If you read The Search Engine Showdown, you know Google is my favourite search engine.
Why? Google always offers the most results for any given search (they currently have
over 8 billion pages indexed), it’s faster than the Audi Quattro we test drove this
morning, and 9 times out of ten, in my experience, all the front page results are
relevant to my search. In fact, I usually find what I’m looking for within the first few
sites listed. I also really respect the fact that two college kids started it (kinda like
Abalone Designs!) and that those two college kids seem not to have forgotten where
they came from. If you check out the images at Google’s press center and scroll down to the Everyday Life Inside
Google section, you’ll get a feeling that life at Google is fun.Google is the most used search engine on the web.
In May, 2004, 36.8% of all searches on the web were done using Google. Also during that month, Google
powered 54% of all searches done on the web (Read more about these figures here).
Google owes their success to their mind-boggling algorithm. This intricate formula
sucks in a web page, considers its keyword density, its link popularity, domain
name, how often it is updated, the amount of content in the site, and a myriad of
other things that few know and spits out a number called PageRank. There is
absolutely no way to be sure how to get your site to number one on Google, but
there are a few things that we know can help:
Make sure your site is well organized, visitor friendly and useful. Google seems to
like sites that are listed in the Open Directory Project, and my theory is that it’s
because the Open Directory Project is human edited. This means real human eyes
have looked at each site that is included in the directory and deemed it useful in
some way or another. If your site has a link on The Open Directory Project, you’re on
the right track.
Avoid “spamming”. Spamming refers to many different things. If you add keywords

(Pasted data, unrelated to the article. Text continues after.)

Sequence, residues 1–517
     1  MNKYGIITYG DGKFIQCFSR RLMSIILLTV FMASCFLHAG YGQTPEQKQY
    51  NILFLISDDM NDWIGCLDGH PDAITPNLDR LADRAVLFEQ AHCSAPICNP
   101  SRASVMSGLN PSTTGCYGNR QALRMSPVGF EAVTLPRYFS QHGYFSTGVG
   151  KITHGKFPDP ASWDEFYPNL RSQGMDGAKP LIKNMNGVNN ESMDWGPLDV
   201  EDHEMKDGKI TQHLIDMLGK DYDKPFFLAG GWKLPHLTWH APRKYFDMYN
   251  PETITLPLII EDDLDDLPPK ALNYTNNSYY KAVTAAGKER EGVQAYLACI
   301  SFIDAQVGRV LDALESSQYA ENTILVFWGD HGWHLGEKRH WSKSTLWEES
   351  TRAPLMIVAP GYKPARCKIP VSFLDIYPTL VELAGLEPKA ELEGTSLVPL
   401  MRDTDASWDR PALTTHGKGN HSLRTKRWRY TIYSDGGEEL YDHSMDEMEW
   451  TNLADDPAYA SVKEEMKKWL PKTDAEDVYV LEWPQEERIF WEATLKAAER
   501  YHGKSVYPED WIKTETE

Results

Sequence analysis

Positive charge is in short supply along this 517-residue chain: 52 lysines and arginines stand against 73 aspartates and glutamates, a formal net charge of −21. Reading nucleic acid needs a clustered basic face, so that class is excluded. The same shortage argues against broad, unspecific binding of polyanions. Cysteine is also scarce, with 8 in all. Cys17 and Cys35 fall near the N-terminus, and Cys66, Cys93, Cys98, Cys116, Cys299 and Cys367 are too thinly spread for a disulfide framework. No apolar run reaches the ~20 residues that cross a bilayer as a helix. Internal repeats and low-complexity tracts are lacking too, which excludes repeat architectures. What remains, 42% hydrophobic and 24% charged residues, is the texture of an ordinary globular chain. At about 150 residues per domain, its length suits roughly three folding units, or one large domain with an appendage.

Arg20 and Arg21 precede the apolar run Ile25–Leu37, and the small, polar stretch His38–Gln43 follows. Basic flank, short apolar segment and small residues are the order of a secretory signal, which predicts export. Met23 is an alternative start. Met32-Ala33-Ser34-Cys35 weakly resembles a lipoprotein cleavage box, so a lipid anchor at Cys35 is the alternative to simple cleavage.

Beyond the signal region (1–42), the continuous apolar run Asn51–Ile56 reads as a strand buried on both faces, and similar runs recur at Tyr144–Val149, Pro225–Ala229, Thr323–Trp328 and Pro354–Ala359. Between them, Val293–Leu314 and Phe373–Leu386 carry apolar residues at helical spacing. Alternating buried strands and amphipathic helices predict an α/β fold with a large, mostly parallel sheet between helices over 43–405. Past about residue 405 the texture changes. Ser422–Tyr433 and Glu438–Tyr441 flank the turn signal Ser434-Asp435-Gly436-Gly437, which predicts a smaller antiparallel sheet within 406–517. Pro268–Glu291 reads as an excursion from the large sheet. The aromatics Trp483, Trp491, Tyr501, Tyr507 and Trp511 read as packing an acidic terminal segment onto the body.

to your site that are out of context or hidden from plain view, it’s considered
spamming. Resubmitting your site to Google can be looked upon as spamming. The
basic principal is to make sure every page on your site is professional looking,
clean, organized and has its own unique information to offer.
Try to trade links with good quality sites that you like, ’cause if you like them,
chances are they have something to offer and Google will recognize that. The more
good quality sites around the web that have links pointing to your site, the higher
your link popularity will be.
Stay away from hi-tech sites unless you offer an alternative. ie. If your site has been
designed in Flash, try to offer a plain HTML version of the site. Google can index
flash but it’s not likely that it will be indexed well, and your ranking will suffer.
Frames are also a no-no. Although Google can index framed sites as well, again, the
ranking can suffer and more importantly, frames are universally recognized in our
industry as hideous!
Keep the content on each page to a decent level. You don’t want too much content,
but you definitely do not want too little. A good way to judge what a good content
level is, is to search for the #1 ranking site for the keywords you wish to target, and
see how much content they have. Make your content keyword-rich, but don’t make
it so full of keywords that it sounds ridiculous to visitors. You want to keep the
visitors you get from Google, right?
Google almost always offers you the best resource for your query due to the fact
that all of these things matter to them. They are also always trying to find ways to
improve on the Google Algorithm so they can continue to offer us the best service.
Every once in a while we hear about this new search engine and that new search
engine, but no one seems to have been able to catch up. As long as this remains
true, these simple tips will be applicable.